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Ultrametric space are spaces which satisfy following conditions:

$d(x,y) \ge 0$

$d(x,y)=0$ iff $x=y$

$d(x,y)=d(y,x)$

$d(x,y) \le max\{d(x,a), d(y,a)\}$ for all $a$

Here the triangular ineuality of metric spaces is replaced by a stronger inequality. I am trying to figure out examples of ultrametric spaces which lie in $\mathbb{R}^2$. Am not able to construct a set of more than 3 points. Is that the upper limit

Context: I was reading the paper "Admissable clustering procedures" which said : Data is said to be well structured data if it has an exact tree i.e. it is possible to construct the similarity matrix using information from hierarchical structure. In this book "Cluster analysis: Survey and evaluation of techniques" i found the statement "To obtain an exact tree one must satisfy criteria of ultrametric inequality"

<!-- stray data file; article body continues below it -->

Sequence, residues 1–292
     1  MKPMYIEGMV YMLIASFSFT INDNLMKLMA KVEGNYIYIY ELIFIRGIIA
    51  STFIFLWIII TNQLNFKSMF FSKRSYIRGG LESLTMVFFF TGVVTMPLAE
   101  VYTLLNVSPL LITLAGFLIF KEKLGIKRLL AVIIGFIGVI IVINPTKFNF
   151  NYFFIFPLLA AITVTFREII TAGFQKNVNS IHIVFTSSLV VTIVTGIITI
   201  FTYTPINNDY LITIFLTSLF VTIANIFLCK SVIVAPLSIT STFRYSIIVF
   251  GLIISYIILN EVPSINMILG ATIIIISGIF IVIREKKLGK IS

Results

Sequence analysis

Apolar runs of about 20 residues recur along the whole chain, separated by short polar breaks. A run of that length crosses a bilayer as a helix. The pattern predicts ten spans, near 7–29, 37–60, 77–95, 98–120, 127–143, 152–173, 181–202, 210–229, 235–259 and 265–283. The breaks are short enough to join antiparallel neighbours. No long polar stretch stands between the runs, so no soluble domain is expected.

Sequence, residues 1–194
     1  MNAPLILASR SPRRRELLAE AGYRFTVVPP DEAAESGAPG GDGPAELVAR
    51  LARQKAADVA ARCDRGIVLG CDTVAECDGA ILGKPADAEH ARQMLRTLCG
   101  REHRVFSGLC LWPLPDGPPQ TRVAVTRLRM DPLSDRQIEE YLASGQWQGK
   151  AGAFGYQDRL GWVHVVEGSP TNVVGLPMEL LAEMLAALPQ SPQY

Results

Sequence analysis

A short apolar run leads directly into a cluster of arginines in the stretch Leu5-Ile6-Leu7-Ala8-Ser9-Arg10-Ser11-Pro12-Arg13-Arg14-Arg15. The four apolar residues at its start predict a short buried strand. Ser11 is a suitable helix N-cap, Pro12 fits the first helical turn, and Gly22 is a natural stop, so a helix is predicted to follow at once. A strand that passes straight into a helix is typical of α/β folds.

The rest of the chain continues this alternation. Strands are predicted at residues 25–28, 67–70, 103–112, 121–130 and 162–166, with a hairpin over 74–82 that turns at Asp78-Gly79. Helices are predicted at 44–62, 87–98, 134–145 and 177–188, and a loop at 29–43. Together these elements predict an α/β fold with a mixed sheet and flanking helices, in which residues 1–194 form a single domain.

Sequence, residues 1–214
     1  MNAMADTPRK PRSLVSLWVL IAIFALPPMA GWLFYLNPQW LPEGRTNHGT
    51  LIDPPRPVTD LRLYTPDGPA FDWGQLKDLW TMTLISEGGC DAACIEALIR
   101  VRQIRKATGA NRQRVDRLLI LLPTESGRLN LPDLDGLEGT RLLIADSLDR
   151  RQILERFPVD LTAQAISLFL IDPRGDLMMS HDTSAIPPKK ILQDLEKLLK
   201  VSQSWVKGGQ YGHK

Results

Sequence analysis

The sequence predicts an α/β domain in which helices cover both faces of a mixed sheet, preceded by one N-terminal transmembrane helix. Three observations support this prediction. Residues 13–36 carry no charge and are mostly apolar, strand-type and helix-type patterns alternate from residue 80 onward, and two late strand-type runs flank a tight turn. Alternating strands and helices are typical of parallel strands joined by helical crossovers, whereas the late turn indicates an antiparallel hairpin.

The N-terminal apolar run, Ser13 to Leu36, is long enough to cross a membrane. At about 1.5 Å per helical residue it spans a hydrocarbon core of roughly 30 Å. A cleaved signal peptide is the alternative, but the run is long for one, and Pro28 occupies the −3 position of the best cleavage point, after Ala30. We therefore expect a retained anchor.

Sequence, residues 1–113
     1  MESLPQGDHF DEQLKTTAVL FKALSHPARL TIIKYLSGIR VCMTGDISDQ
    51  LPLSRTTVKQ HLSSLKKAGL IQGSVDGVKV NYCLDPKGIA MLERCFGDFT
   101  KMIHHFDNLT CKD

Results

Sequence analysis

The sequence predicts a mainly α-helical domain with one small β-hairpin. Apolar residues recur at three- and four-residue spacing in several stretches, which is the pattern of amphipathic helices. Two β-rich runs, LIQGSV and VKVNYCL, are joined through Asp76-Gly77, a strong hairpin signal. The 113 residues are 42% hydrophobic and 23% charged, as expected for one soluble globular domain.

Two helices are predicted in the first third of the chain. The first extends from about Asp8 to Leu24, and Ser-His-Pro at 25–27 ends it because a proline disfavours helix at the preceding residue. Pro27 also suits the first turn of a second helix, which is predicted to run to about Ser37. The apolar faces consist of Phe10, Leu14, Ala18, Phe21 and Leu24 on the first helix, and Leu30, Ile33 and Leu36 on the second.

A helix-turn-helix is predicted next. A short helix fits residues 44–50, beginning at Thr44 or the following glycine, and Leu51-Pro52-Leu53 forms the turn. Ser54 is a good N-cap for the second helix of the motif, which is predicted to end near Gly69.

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Yes it is. I'm not sure about the easiest way to prove this but a sketch is the following: Let $M=\{x,y,w,z\}\subset\mathbb{R^2}$. Note if any point is inside the triangle formed by the other three this violates the ultrametric property. So consider $\Delta xyw$. By above $z$ can't lie on the boundary or in the interior. Also 3 points can't be colinear as this also violates the ultrametric property. That means that $xywz$ forms a convex quadrilateral (if it is not convex then one point will lie in the interior of a triangle formed by the other three.

One of these angles must be greater than or equal to $\pi/2$. Call it $\angle xyz$. Then $\Delta xyz$ gives a contradiction since all triangles in an ultrametric space must be acute.

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